There’s nothing ‘regular’ about any Blackhawks season that includes qualifying for the playoffs, winning the division title, finishing ahead of Detroit, and setting a team record for victories. Add to all that the important contributions made by Blackhawk players to their respective Olympic teams, as well as opening the season in Europe, and one is tempted to apply the word ‘extraordinary’ to the campaign that ended Sunday.
- To begin with, the Blackhawks have qualified for the playoffs in consecutive years for the first time since 1997.
- Second, prior to this year the Blackhawks hadn’t won a division title since 1993, when they finished ahead of Detroit, Toronto, St. Louis, the Minnesota North Stars and Tampa Bay in what was then the Norris Division. (How long ago was that? Bill Clinton was in the fourth month of his first term as President, leading-edge video gamers were experimenting with the intravenous insertion of Mountain Dew to facilitate round-the-clock play of a game called ‘Doom’, and Clint Eastwood’s "Unforgiven" had recently been named Best Picture at the Oscars).
- Third, that 1993 Norris Division title was the last time the Blackhawks finished ahead of Detroit; the Hawks earned 106 points that year compared to 103 for the Red Wings.
- Fourth, the Blackhawks won 52 of their 82 games this season, a team record. Previously, the team’s best effort was good for 49-win seasons in 1971 and then again in 1991.
However, in the NHL not all wins are created equal, and because of that the ’71 and ’91 teams can actually be considered even more successful than this year’s squad. While the season is a bit longer now, giving teams additional chances to win games, the much more important distinction is that the ’71 and ’91 teams accumulated their 49 wins in 68 minutes each night.
Until 2000, NHL games that were tied after regulation ended that way; prior to that season, teams didn’t have overtime or a shootout to possibly snatch victory from the jaws of a tie. This year the Blackhawks have 36 ‘regulation’ wins (meaning the team held the lead after 60 minutes), while the 16 other victories came during the overtime or shootout. The Blackhawks aren’t the only team to play a lot of extra hockey this year; slightly fewer than 300 of the league’s 1,230 regular season games (about 25%) went to overtime, a new NHL record.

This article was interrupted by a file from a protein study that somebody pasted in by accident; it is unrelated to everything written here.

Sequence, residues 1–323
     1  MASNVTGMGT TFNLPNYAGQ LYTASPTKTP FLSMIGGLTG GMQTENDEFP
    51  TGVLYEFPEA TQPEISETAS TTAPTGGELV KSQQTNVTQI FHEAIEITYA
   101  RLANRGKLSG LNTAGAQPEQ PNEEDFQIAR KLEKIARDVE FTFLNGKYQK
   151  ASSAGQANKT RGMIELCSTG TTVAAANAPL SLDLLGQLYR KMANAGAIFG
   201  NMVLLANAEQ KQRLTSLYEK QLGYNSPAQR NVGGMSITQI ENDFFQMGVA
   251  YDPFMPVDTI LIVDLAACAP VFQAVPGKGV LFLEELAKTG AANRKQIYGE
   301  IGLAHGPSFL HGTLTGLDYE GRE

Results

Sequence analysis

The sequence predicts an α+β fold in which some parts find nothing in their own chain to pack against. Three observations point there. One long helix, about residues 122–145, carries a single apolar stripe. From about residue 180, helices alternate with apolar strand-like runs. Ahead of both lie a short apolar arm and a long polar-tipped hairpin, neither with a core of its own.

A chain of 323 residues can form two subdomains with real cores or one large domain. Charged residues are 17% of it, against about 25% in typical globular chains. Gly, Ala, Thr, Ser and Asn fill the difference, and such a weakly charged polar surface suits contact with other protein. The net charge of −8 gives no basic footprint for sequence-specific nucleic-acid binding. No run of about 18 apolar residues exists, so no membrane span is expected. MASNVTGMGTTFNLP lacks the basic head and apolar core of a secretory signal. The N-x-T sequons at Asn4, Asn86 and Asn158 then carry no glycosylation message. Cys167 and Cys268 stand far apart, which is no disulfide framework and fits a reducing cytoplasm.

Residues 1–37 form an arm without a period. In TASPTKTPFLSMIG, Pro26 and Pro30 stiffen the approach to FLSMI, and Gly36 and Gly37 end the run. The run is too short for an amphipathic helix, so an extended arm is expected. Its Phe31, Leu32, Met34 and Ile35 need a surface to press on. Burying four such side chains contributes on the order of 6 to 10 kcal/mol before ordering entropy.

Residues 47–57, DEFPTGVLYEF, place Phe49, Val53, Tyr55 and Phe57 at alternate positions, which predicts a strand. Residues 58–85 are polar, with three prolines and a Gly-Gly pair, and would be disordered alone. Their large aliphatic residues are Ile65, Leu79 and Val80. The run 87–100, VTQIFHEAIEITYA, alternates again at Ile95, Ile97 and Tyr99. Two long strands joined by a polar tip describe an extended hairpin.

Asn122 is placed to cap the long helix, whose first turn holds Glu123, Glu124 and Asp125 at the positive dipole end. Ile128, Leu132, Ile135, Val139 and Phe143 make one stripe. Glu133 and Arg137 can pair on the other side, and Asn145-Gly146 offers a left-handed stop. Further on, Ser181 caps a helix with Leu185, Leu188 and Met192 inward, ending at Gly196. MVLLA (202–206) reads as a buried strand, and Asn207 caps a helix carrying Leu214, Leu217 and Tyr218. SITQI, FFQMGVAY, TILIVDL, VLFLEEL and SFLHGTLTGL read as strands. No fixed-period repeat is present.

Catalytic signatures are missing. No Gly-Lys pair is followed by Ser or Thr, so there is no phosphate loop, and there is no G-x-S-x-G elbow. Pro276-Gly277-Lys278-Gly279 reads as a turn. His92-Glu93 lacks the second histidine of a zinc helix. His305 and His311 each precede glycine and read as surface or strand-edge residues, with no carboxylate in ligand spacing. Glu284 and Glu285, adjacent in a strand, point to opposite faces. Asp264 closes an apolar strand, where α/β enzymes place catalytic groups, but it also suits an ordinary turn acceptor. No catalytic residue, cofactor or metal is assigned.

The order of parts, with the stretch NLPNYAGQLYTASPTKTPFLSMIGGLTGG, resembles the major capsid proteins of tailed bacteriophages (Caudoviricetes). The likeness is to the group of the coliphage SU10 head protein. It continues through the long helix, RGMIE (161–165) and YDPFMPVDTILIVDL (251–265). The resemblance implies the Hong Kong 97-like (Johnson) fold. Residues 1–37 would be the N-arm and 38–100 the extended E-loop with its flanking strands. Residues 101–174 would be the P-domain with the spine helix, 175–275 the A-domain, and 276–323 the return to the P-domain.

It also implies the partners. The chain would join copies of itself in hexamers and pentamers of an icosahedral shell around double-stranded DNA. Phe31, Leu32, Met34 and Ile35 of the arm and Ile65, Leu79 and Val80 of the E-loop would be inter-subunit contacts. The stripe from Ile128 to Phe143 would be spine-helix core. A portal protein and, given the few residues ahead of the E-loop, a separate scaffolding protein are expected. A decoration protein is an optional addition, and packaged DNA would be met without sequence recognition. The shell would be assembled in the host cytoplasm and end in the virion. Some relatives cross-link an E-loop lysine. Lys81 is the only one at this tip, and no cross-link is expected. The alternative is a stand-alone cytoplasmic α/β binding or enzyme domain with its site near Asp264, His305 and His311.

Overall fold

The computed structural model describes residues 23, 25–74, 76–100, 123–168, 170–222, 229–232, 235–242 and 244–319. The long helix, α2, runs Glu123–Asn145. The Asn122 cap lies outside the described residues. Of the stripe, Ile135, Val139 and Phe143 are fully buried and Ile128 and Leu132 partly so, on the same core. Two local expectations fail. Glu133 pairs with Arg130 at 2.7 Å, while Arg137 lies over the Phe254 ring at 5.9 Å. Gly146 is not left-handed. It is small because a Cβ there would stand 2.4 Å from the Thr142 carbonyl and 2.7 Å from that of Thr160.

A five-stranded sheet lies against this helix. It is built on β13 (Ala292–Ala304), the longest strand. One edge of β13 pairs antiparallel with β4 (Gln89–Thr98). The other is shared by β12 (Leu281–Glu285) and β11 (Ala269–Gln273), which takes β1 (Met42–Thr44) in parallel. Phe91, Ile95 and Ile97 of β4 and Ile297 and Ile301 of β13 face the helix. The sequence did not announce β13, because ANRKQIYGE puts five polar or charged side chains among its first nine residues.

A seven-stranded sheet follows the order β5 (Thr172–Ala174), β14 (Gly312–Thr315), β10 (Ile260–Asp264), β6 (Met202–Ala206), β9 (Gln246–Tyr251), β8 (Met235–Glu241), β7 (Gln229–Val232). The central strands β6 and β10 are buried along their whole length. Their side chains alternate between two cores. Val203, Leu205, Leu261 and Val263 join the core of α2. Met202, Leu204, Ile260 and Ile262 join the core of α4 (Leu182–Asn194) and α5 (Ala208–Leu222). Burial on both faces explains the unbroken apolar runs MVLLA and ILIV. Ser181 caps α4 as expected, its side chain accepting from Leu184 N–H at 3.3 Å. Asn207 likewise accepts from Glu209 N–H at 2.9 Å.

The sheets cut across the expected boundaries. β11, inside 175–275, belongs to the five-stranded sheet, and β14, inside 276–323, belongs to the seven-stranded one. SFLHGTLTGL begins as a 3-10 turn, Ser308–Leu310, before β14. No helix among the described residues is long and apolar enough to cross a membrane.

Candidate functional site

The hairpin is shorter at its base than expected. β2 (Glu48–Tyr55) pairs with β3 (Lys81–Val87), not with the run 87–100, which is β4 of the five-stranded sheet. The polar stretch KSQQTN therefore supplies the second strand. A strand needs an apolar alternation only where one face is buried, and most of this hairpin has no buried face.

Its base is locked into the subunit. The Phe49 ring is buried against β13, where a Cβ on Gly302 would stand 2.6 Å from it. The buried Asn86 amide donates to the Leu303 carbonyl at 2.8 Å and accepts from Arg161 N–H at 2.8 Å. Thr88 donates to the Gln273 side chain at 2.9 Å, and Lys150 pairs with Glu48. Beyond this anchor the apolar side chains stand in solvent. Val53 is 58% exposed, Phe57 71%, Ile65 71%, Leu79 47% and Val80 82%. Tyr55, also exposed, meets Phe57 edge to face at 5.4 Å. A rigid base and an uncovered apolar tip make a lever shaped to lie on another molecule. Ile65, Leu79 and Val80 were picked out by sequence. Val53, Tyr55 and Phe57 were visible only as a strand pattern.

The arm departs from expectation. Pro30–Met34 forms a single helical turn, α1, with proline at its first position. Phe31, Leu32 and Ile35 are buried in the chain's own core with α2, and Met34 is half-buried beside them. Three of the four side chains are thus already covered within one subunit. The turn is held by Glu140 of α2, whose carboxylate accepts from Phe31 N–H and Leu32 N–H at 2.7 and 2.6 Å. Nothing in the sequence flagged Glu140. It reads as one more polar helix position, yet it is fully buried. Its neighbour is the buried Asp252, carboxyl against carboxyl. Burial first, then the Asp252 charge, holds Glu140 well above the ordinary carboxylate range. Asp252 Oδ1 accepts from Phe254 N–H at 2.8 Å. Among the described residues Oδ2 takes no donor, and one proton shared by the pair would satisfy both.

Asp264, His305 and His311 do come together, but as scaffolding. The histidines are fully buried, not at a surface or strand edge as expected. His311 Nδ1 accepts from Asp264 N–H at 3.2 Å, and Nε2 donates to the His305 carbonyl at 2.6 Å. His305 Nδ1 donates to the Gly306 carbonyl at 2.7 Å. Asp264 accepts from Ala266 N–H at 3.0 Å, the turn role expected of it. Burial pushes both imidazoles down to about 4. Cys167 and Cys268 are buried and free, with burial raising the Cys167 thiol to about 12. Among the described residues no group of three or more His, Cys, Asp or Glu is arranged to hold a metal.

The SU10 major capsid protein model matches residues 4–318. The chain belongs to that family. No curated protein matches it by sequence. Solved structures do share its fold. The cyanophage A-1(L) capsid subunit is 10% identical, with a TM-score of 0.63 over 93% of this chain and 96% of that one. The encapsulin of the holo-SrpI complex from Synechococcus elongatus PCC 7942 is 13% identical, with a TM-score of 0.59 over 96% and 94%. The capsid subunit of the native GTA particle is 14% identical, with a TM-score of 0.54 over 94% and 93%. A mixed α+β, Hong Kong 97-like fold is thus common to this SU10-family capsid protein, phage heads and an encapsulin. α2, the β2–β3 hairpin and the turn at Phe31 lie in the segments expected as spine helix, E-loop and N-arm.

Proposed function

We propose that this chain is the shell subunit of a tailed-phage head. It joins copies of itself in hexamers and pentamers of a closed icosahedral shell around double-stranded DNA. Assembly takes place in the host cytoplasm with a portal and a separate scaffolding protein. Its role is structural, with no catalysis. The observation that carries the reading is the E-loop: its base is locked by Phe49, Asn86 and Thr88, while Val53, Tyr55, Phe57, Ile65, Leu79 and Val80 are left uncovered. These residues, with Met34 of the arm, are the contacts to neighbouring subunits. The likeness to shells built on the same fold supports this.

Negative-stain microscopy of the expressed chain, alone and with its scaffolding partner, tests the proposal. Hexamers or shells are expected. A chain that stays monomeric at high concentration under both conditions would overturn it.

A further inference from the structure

While it's interesting to study what a hockey team accomplishes between October and April, what really matters is what happens between April and June during the Stanley Cup Playoffs. The satisfaction of excellence achieved during the regular season can vanish almost instantly in the wake of failure early in the post-season. The ’91 Blackhawks had a two games to one lead over Minnesota in the opening round of the Stanley Cup playoffs, but the season crashed to a close in just 96 hours between April 10th and 14th as they lost three straight to the North Stars, managing to score just two goals in nine periods of playoff hockey.
A great regular season can also be a precursor to playoff success: the ’71 Hawks, after winning their 49 games, disposed of Philadelphia and the Rangers en route to the Stanley Cup Finals, which ended in a game seven loss to Montreal.
Within a few days, playoff hockey results will completely overshadow the 2009-10 regular season. Before they do, fans should savor the following: the Blackhawks finally broke Detroit’s stranglehold on the Central Division; several of the team’s players were key members of their respective Olympic teams; they’re in the playoffs for the second year in a row; and they piled up the most wins in team history.
2009-10 was certainly a most irregular regular season.